• 4. Kettles 4but also the employees within the company to know what is going on. Every Organization needsto follow this solution, and it will help them receive more donations. If every non-profit willkeep a few of these solutions in mind, their business will be able to run more smoothly and willreceive more donations. Many opinions have been reported on the outlook for the economic downturn and aprojection for when giving will return to pre-recession levels. Caroline Preston predicts aneconomic turnaround in two to three years: “The largest share of respondents (39 percent) saidthey thought it would be at least three years before the economy recovered, while 23.4 percentfelt the economy would rebound in less than two years.” This fact is good, being that somepeople think the economy will improve. Having this statistic makes organizations hopeful for thefuture and positive in their donation outlook. The statistic shows that the economy may beimpproving since the American attitude has begun to become more positive. A study says that,“Fundraisers for U.S. non-profits paint a dark funding picture for their organizations, and thenext six months are expected to bring only slight clearing” (Werosh). This statistic is verycontradicting. There is a negative outlook for fundraising, but they will see a very minimumprofit. This shows that organizations will not see a major increase in their donations and will stillbe facing many difficulties. Caroline Preston also found that, “Most people said the recessionwould not affect their previous charitable commitments. Of those who were committed to amultiyear gift, 87 percent said they would pay the donations on time. That compares to about 95percent in good times.” The statistic is a very good outlook. Most American people believe thattheir life is better off than the person they would be giving a contribution to. Furthermore,organizations will begin to see a positive number in their amount of donations. Whether the
  • 5. Kettles 5people are pessimistic or cynical, no one can really tell at this time how well their donations willbe five years from now. The economy is showing signs of a few improvements. However, it will takearound 10 years to have it growing at a rapid pace again. With this in mind, non-profits will seean increase in donations each year. As long as they use the money wisely their business will stillbe stable. An alternative to a non-profit job would be working at a foundation. Foundationsdecide how to give out money rather than relying on donations. A great foundations examplewould be the Bill and Melinda Gates Foundation. With this in mind an article stated, “Thatfoundation gives more multiyear grants than any other philanthropy, awarding $2.6-billion inmultiyear grants” (Hall). Their money source will always be plentiful, and their employees donot have the stress of trying to find donations. Also, people working for foundations still get tofeel the benefit of giving money. Either way, non-profits will be in business for long timebecause there will always be a cry for help from needy people.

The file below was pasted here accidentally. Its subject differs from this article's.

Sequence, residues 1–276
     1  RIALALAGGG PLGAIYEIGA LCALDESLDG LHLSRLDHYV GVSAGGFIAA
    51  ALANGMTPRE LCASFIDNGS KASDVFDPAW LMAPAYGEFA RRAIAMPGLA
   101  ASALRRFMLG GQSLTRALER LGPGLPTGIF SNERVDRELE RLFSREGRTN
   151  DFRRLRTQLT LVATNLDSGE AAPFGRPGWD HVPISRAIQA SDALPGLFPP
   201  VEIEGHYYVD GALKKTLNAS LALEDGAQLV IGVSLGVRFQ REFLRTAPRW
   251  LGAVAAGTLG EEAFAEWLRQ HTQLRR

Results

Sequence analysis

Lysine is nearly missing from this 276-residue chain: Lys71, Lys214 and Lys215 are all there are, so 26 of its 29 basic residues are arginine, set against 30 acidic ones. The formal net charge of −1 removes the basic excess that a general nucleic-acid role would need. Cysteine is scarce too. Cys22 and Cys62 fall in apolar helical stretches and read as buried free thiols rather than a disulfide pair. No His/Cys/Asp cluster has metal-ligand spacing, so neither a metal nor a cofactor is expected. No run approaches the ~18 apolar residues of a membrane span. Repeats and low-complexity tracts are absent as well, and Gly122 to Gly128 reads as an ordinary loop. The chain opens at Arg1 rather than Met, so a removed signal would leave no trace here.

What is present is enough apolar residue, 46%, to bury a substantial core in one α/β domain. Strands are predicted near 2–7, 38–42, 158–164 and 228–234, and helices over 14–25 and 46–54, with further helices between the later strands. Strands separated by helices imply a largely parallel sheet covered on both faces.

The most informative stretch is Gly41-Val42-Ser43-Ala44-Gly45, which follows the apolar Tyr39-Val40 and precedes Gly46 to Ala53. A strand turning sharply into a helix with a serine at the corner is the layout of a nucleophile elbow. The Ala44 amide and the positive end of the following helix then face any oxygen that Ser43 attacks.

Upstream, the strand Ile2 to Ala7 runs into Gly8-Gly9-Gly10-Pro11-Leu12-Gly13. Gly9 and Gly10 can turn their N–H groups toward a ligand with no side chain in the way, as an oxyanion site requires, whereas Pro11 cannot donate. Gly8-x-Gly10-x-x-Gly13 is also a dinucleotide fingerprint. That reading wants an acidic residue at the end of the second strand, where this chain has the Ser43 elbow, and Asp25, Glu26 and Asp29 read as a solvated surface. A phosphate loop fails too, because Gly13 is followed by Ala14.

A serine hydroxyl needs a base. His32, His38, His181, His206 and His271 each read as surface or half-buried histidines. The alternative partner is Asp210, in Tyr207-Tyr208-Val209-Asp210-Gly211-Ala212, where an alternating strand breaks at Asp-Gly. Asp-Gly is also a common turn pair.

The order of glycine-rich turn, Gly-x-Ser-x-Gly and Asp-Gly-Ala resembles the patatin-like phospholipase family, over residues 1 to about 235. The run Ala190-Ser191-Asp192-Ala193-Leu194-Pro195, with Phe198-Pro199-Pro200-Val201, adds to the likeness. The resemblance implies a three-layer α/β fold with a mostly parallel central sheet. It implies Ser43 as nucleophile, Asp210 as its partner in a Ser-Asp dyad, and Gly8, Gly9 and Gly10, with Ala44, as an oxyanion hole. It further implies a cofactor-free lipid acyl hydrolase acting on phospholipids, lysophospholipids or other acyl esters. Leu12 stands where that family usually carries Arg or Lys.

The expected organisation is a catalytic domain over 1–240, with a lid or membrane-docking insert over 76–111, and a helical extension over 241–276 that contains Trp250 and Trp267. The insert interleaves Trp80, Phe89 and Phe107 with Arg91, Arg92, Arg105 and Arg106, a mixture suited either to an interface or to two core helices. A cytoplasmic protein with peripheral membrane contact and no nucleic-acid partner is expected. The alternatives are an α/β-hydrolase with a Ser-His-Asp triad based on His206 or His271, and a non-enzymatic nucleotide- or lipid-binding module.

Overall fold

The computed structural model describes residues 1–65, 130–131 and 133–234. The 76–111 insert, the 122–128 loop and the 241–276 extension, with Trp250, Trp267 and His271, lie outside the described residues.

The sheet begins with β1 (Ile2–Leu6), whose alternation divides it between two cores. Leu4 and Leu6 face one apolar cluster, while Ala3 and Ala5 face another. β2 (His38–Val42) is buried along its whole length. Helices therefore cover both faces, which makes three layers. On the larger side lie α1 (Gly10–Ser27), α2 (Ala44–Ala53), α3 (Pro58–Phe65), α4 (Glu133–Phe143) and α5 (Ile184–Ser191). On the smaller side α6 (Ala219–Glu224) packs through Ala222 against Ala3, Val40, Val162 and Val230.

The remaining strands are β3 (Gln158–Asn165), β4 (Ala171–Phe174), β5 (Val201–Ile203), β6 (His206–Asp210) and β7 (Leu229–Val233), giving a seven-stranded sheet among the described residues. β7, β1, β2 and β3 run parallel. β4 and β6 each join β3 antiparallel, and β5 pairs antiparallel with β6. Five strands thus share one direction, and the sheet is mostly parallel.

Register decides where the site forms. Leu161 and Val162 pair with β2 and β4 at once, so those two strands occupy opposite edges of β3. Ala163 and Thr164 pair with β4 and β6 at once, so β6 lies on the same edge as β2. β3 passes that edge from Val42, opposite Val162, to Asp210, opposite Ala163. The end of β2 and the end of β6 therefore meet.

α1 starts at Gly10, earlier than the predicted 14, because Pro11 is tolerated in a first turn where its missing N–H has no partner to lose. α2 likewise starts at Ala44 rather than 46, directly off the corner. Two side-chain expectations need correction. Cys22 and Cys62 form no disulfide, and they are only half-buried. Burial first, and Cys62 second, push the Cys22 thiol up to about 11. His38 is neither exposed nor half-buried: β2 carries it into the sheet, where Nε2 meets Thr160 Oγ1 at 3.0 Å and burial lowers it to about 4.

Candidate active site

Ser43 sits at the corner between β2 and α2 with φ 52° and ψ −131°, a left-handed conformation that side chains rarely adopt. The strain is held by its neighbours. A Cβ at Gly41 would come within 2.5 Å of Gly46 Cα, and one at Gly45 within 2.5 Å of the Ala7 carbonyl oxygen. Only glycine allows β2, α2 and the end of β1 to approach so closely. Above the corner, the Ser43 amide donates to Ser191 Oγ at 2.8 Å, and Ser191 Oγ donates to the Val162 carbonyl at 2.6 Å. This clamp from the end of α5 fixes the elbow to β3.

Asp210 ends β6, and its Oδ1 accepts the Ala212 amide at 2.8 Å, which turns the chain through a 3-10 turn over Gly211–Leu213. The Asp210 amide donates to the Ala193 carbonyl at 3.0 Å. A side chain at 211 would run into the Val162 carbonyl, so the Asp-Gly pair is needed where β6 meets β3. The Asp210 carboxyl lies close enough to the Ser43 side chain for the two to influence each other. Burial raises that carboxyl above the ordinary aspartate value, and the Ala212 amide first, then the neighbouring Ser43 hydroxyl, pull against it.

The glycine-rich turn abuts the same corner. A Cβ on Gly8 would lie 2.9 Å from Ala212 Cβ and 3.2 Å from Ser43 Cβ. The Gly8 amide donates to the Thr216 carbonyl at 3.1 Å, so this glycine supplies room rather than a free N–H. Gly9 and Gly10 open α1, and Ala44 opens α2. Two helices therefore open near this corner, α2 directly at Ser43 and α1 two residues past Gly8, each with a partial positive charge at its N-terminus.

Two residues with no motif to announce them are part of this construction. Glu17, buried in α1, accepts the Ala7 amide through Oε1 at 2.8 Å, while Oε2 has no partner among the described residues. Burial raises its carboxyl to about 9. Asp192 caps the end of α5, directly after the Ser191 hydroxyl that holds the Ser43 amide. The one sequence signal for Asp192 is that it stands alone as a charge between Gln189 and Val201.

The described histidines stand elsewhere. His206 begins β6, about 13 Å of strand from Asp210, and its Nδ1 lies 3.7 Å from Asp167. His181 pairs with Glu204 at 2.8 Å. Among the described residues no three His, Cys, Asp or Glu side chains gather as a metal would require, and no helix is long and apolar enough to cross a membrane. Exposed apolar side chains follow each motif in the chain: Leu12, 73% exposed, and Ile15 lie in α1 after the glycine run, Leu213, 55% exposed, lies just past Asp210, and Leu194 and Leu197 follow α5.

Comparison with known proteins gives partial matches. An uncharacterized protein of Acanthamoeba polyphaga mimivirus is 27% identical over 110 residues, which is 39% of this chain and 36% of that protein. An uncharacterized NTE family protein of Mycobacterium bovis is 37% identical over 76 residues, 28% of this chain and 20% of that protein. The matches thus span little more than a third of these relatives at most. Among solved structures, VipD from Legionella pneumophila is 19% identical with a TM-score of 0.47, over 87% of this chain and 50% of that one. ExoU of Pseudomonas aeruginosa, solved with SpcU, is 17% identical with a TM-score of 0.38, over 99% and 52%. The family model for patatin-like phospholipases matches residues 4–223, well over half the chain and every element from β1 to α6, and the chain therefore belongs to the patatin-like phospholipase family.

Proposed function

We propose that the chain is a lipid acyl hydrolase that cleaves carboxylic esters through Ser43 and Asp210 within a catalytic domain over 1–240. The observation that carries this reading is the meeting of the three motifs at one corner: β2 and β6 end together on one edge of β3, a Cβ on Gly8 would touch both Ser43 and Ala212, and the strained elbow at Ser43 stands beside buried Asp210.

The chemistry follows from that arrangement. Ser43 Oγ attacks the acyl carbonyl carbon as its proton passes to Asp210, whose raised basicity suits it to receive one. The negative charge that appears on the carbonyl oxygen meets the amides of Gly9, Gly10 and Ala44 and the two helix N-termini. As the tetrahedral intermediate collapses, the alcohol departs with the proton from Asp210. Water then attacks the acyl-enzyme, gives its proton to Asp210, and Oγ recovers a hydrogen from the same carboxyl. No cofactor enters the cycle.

• 6. Kettles 6 Works CitedGurchiek, Kathy. "Economy Affecting Businesses Charitable Donations ." Economy Affecting Businesses Charitable Donations. Society for Human Resource Management, 14 Nov. 2008. Web. 12 Sept. 2012. <http://www.shrm.org/Publications/HRNews/Pages/BusinessesCharitableDonations.aspx >.Hall, Holly. "Correction: The Downturn and Multiyear Foundation Grants." The Chronicle of Philanthropy. Ed. Holly Hall. N.p., 5 Sept. 2012. Web. 12 Sept. 2012. <http://philanthropy.com/blogs/prospecting/downturn-causes-drop-in-multiyear- foundation-grants/34786>.Head, George L., Ph.D. "Sustaining Nonprofits During Economic Downturns." Sustaining Nonprofits During Economic Downturns. Non-Profit Risk Management Center, n.d. Web. 12 Sept. 2012. <http://www.nonprofitrisk.org/library/articles/strategy09002003.shtml>.McCoy, Kevin, and Oren Dorell. "Its a Hard Time to Be a Charity." USA Today. Gannett, 27 Oct. 2008. Web. 12 Sept. 2012. <http://www.usatoday.com/money/economy/services/2008-10-26-fundraising-crisis- donations-charities_N.htm>.McLean, Chuck, and Carol Brouwer. "The Effect of the Economy." Guidestar.org. GuideStar USA, 2009. Web. 12 Sept. 2012. <http://www.guidestar.org/ViewCmsFile.aspx?ContentID=3909>.Miller, Clara Non Profit Finance Fund. As the Nonprofit Sector Faces Recession, NFF Outlines 5 Recommendations to Prepare for Economic Downturn. Nonprofit Finance Fund. Clara
  • 7. Kettles 7 Miller, n.d. Web. 12 Sept. 2012. <http://nonprofitfinancefund.org/news/2008/nff-press- event-nonprofit-sector-faces-recession-nff-outlines-5-recommendations-prepare-ec>.Preston, Caroline. "Majority of Donors Say Economic Woes Wont Affect Their Giving." Chronicle of Philanthropy 21.11 (2009): 4. A9h. Web. 13 Sept. 2012. <http://proxygsu- sche.galileo.usg.edu/login?url=http://search.ebscohost.com/login.aspx?direct=true&db=a 9h&AN=37330014&site=ehost-live>.Werosh, Leslie C. "Fundraising Strategies and Challenges." Sfsu.edu. San Fransisco State University, n.d. Web. 12 Sept. 2012. <http://userwww.sfsu.edu/~lwerosh/Documents/FundingStrat&ChallengesNPOsFinal745 .pdf>.